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A recent study by the American Cancer Society linking nitrites and nitrate compounds, often found in processed meats, to increased bladder cancer risk is unfounded
August 4, 2010
A recent study by the American Cancer Society linking nitrites and nitrate compounds, often found in processed meats, to increased bladder cancer risk is unfounded, says the American Meat Institute Foundation (AMIF).
The study published in Cancer, a peer-reviewed journal of the American Cancer Society, followed 300,000 men and women aged 50 to 71 from eight states for up to eight years, assessing relationships between intake of meat-related compounds and the risk of developing bladder cancer.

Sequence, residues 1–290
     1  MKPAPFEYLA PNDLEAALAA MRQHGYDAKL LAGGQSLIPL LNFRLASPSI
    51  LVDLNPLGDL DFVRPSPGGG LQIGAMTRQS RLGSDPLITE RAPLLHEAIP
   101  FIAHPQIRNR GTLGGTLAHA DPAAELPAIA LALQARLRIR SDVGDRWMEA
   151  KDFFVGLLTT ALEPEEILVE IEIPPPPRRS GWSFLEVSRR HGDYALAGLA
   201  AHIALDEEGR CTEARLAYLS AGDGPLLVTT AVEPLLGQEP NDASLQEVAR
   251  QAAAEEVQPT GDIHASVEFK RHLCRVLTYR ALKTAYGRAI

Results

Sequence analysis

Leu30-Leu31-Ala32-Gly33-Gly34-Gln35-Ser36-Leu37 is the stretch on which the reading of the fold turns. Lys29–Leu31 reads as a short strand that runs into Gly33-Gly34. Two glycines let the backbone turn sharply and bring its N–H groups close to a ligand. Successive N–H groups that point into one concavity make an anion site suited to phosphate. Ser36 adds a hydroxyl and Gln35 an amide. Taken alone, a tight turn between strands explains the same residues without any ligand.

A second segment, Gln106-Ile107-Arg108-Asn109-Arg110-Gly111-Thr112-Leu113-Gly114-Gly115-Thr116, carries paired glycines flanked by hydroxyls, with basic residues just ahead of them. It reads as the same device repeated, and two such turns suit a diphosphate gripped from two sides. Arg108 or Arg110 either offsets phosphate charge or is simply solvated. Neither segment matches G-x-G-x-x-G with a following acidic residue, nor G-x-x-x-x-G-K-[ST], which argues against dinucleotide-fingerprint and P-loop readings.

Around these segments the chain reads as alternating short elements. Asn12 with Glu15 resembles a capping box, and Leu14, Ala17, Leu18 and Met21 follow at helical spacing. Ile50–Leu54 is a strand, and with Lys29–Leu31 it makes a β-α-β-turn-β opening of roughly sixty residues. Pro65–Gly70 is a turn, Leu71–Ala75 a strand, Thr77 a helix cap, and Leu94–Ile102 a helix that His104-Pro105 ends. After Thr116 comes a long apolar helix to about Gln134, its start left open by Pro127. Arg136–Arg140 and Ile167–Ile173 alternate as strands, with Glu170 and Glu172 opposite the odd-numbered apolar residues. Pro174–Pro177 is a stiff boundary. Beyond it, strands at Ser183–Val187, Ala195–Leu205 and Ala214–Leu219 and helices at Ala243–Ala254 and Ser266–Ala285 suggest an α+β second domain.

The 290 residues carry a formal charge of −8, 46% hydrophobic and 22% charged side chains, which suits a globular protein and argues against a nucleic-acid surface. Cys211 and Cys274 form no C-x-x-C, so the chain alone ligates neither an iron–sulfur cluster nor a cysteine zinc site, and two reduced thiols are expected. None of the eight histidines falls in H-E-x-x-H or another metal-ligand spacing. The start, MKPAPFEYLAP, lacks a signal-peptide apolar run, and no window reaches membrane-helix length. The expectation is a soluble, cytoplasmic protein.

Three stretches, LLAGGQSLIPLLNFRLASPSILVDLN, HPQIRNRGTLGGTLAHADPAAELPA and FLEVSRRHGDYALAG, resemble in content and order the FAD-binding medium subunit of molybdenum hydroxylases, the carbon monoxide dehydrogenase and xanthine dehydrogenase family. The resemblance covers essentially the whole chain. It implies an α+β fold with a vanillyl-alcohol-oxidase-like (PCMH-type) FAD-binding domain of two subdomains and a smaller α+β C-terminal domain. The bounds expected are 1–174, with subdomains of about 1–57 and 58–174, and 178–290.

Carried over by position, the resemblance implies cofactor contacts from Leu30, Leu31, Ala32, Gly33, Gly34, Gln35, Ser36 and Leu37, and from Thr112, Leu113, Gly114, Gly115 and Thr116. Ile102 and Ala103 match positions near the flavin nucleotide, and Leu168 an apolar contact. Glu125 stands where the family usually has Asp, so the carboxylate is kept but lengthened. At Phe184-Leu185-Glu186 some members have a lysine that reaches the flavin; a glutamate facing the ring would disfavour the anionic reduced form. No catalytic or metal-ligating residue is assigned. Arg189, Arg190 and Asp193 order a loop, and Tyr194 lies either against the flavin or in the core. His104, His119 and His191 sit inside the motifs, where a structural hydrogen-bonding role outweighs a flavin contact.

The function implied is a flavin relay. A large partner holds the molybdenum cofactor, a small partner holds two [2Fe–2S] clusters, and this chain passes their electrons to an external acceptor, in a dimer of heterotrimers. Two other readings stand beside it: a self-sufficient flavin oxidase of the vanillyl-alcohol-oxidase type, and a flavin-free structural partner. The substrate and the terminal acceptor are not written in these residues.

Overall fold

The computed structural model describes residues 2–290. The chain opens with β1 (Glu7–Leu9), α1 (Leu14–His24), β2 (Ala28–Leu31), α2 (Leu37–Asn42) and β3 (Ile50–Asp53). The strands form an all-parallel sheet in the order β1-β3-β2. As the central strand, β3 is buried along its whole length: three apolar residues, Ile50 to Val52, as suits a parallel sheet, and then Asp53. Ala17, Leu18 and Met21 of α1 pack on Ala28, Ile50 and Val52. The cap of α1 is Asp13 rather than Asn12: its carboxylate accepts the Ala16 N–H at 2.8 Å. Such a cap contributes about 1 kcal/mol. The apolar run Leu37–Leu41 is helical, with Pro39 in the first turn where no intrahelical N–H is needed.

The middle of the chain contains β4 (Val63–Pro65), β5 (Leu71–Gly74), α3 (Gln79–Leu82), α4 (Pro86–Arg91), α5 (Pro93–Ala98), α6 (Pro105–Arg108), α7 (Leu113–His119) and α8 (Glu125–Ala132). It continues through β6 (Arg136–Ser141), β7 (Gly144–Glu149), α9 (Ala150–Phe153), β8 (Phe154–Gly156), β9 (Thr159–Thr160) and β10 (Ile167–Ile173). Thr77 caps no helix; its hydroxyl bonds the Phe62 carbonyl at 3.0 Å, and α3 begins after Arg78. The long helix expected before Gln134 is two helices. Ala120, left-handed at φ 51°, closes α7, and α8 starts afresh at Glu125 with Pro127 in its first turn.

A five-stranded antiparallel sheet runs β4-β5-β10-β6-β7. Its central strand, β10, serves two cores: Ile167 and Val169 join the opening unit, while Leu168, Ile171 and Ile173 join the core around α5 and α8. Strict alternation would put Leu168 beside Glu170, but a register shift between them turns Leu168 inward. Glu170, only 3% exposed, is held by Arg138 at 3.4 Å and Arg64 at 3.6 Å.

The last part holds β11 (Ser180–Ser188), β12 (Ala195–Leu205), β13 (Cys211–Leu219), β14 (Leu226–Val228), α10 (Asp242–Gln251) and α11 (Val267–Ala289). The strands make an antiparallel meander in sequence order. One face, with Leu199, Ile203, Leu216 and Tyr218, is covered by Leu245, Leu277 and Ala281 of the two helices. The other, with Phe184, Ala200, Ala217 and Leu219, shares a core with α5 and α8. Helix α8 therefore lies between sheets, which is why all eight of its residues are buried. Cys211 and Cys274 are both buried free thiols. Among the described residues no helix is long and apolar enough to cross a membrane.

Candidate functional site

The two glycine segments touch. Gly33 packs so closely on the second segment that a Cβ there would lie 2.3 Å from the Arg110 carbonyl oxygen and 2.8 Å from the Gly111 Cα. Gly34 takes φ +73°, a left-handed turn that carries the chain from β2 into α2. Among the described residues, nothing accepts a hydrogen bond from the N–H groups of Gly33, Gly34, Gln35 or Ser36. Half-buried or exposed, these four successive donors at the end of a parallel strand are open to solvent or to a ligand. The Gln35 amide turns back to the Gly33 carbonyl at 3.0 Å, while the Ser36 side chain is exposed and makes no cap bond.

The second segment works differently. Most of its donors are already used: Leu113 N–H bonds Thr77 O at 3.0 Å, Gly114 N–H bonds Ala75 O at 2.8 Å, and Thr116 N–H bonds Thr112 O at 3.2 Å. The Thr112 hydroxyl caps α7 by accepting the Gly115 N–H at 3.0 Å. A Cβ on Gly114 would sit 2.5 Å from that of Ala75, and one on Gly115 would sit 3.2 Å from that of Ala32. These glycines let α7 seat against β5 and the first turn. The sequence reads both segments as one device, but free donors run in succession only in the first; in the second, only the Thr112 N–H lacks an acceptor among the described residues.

Researchers with the National Cancer Institute (NCI) suggest there appears to be some association between processed meats and increased bladder cancer risk, but admit that comprehensive epidemiological data on meat-related exposures and bladder cancer are lacking.
AMIF President James Hodges says the NCI study creates unnecessary confusion and defends processed meats as part of a healthy, balanced diet.
Ceci Snyder, vice president of marketing, National Pork Board, says “the study associations reported are not statistically significant, which means that the findings could have happened as much by chance as anything.”
Moreover, “the data does not support any negative findings against meat,” she says.
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